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The Navy plans on naming its fourth Ford-class aircraft carrier after World War II hero Doris 'Dorie' Miller, an African-American sailor recognized for his heroism during the 1941 attack on Pearl Harbor — and not everybody is happy about it.
There are few sounds more welcome to U.S. military personnel than the sound of an A-10 Thunderbolt II's GAU-8/A Avenger 30mm autocannon raining down a hail of lead on an unsuspecting enemy force.
But here's a question: How the hell do you actually spell (and, in turn, pronounce) that sweet, sweet sound of freedom?
The rediscovered dog tags of fallen WWII soldier Roger Taylor that will be presented to the Beloit Historical Society at their "Remebering Roger" memorial service Sunday Dec. 29, 2019. (CantonRep.com / Aaron Self via Tribune News Service)
BELOIT, Ohio -- Pfc. Roger W. Taylor left his family's farm in the Beloit area 75 years ago for deployment to Europe during World War II.
He never came home.
But the dog tags he wore during his 22 months of Army service finally finished their journey back to his home town.
You can't see Bobby Grey's scars.
On the surface, he's just an ordinary 35-year-old husband. FedEx driver. Racing fan. Philadelphia Eagles diehard. Dog owner.
He's also a former Marine, 2003 to 2007 — a mission that has given him great pride and great anguish. Twelve years later — anguish or not — he still loves the Corps to the core. Semper Fi — always faithful.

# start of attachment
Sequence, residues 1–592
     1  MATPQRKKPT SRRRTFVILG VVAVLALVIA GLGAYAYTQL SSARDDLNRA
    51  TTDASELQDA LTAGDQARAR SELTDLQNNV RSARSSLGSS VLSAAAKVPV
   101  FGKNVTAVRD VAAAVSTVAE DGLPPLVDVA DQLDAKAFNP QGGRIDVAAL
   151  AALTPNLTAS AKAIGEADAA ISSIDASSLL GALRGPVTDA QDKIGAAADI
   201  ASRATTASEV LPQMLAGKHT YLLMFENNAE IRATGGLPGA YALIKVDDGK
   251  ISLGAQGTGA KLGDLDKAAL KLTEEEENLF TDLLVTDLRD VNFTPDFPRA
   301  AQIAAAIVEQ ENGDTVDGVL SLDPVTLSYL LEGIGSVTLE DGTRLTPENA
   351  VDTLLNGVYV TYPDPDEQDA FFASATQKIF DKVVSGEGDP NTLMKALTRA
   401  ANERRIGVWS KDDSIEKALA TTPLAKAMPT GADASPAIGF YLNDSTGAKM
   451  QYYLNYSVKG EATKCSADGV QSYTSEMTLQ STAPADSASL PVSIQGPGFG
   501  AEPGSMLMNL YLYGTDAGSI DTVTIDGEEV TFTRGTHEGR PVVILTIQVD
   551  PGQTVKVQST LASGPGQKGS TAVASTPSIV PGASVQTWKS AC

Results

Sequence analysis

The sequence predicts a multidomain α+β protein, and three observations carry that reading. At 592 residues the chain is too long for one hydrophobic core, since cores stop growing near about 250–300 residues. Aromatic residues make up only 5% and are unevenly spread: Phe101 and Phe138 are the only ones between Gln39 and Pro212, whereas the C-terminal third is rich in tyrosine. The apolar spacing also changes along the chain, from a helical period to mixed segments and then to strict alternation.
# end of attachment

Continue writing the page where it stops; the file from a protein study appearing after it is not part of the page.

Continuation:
Grey acknowledges, though, that that's where the scars originated.
As a young devil dog, a PFC scarcely six months out of boot camp, Grey deployed to Iraq and got his first taste of combat when he was only 20 years old. One day, Marines in his convoy — guys he knew — died when a roadside bomb blew up beneath them. On another day, during a firefight with Iraqi insurgents, bullets whizzed over Grey's head, close enough that he could hear them. Seconds later, when the bullets shattered the windows behind him, a shower of glass rained down on his head.
But those days were nothing compared to Dec. 3, 2004, the day a suicide bomber rocked his unit's base with an explosion so violent that it literally blew him out of the chow hall where he'd been dining. He suffered a concussion and a mild traumatic brain injury — as if anything traumatic could be mild — but several comrades fared worse, suffering broken bones and dislocated hips. Two of his buddies died in the blast, and Grey had to put them in body bags himself.
"It's like losing a brother," he says softly. "No, it is losing a brother."
Gary Sinise may be best known for his role as Lt. Dan in Forrest Gump, but in the 25 years since the Oscar-winning film's debut, he's leveraged his stardom to give back to the military and veterans community through the Gary Sinise Foundation.
On Dec. 7, Sinise's foundation partnered with American Airlines to fly more than 1,700 Gold Star family members from across the country to Orlando, Florida, for a five-day Christmas vacation to Disney World.
Retired Col. Charles McGee stepped out of the small commercial jet and flashed a smile.
Then a thumbs-up.
McGee had returned on a round-trip flight Friday morning from Dover Air Force Base, where he served as co-pilot on one of two flights done especially for his birthday.
By the way he disembarked from the plane, it was hard to tell that McGee, a Tuskegee Airman, was turning 100.